The Art of Amazing Your Customers - 11 Powerful Customer Service Lessons

The Art of Amazing Your Customers - 11 Powerful Customer Service Lessons
This post was published on the now-closed HuffPost Contributor platform. Contributors control their own work and posted freely to our site. If you need to flag this entry as abusive, send us an email.

Being average means you are as close to the bottom as you are to the top. - John Wooden

CEOs rank customer service as the most important priority after growth, according a 2016 Gartner CEO survey. "CEOs seem to be concerned about improving customer service, relationship and satisfaction levels," said Mark Raskino, vice president and Gartner Fellow. In today's hyper connected, knowledge sharing economy, customer service is marketing.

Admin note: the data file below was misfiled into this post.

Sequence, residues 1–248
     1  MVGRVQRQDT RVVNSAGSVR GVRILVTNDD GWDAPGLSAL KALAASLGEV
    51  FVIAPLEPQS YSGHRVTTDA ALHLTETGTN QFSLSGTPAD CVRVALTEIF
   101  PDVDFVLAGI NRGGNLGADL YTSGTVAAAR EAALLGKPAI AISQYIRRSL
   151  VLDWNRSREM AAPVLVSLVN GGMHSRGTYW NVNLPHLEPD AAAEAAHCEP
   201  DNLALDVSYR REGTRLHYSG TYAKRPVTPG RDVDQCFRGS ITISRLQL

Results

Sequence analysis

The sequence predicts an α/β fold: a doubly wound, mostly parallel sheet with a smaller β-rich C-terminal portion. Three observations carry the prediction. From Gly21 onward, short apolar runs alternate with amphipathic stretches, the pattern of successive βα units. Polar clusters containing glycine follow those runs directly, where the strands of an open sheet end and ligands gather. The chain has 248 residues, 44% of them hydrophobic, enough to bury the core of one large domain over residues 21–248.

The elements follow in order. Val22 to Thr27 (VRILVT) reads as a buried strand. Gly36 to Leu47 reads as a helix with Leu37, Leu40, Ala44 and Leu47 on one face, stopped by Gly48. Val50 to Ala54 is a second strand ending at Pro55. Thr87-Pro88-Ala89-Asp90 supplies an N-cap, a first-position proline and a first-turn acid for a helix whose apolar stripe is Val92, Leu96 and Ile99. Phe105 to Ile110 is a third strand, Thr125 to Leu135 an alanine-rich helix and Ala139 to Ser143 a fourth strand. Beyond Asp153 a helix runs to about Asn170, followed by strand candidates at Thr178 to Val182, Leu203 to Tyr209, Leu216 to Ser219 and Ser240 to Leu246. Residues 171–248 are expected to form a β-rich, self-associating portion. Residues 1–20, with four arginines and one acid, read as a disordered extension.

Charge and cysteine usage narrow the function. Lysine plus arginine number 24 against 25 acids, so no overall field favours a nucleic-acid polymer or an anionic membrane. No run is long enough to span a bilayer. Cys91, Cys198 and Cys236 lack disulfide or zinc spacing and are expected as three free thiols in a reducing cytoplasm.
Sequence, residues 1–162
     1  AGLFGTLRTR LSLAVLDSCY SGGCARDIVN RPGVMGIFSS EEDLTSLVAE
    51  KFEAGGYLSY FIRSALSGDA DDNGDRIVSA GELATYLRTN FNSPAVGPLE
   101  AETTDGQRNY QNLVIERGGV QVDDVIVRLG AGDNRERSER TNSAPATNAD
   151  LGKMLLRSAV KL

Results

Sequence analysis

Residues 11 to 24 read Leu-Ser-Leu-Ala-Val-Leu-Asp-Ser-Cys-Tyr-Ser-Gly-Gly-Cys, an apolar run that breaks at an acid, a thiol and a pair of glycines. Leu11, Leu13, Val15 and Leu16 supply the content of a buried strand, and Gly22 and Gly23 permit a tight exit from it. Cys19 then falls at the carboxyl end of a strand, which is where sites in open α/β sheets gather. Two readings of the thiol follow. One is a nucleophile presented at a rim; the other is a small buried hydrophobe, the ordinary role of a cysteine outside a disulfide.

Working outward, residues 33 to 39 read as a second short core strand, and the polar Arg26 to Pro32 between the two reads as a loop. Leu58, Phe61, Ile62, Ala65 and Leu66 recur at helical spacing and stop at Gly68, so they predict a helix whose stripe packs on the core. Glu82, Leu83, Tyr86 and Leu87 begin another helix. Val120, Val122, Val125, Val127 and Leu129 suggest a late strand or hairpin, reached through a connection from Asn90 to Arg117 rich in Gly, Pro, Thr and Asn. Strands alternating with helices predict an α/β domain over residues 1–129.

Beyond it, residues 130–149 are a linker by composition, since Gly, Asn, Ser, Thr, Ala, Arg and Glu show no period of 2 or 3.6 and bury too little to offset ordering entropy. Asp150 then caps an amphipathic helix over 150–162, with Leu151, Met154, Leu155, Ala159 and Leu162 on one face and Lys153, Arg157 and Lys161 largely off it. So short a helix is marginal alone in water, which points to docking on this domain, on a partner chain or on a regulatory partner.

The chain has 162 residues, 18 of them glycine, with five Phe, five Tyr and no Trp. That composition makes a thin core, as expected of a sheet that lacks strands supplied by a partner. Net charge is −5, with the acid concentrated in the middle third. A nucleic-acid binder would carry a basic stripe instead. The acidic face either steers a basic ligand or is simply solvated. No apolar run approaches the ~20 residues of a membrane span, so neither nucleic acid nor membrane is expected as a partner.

A global customer service leadership survey ranked business challenges as: always-on service, personalized service, and faster service and the top priorities. The challenge is to deliver faster and smart service with strong self-service and personalized options. In the age of the customer, where access to answers through self-service and personalization is key to service differentiation, businesses need to invest in technology, talent and lean processes to amaze all stakeholders. Prior knowledge of customer (contact history, organizational visibility, purchase history, customer surveys, loyalty programs, advocacy activities, feature requests, and business related service level agreements) is vitally important to help companies develop strong service delivery models and capabilities. What can companies do today to bolster their ability to amaze customers? Amazing customers is a function of having a strong: culture, people, strategy, process, and technology (and the order matters).